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# Functions

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### Functions

1. 1. CS111 Lab Functions Instructor: Michael Gordon
2. 2. Why use functions?  Functions allow you to perform a specific task without copying the same code over and over.  Make a change once, instead of multiple times.  Keeps your main method less cluttered looking.
3. 3. Functions we’ve seen  sqrt()    – returns the calculated square root #include <cmath> Parameter type: double Return type: double  rand()    – returns a random number #include <cstdlib> Parameter type: no parameter Return type: int
4. 4. Creating a function A function has two parts: a prototype (or signature) and a definition.  One common approach is to include the prototype before the main method and the definition after.  The compiler will not be able to execute your functions if they are not declared before the main method.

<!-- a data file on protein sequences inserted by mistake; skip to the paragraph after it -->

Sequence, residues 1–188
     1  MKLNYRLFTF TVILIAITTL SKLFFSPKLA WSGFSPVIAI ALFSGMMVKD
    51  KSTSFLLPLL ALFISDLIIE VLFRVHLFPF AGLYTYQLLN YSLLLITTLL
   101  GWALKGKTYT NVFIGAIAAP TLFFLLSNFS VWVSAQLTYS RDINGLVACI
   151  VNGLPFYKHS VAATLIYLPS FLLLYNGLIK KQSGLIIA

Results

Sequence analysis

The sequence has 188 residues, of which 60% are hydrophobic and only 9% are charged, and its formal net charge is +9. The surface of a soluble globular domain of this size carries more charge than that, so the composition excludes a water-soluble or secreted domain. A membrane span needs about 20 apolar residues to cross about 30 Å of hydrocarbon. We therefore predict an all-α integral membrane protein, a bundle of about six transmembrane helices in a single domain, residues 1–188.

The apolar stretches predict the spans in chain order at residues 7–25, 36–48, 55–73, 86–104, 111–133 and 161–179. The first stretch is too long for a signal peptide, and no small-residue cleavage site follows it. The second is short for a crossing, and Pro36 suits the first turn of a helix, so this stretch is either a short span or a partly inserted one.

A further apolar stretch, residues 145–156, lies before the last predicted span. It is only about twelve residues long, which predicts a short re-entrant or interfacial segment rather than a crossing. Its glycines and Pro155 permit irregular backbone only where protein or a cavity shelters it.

5. 5. Prototype  The    prototype consists of these parts: The return type (int, double, void, etc.) The function name (same rules as variables) The parameters (separated by commas):  Each  gets a type and a local variable name If the prototype is declared separate from the definition, it ends with a semicolon. If the definition follows immediately, the prototype ends with an open bracket.
6. 6. Return type  The return type is what the function returns to the main program. It can be a number (int, double), a string, etc.  If nothing is returned, the return type is void.  A void function can (and should) still perform some action, such as printing to the console or changing values.
7. 7. Examples  See     Dr. Ryba’s site for function examples. venus.cs.qc.edu/~ryba/cs111/Ch4/square.cpp venus.cs.qc.edu/~ryba/cs111/Ch4/tri3.cpp venus.cs.qc.edu/~ryba/cs111/Ch4/tri4.cpp Note: These examples feature the entire function (prototype and definition) declared before the main method. Either way is fine.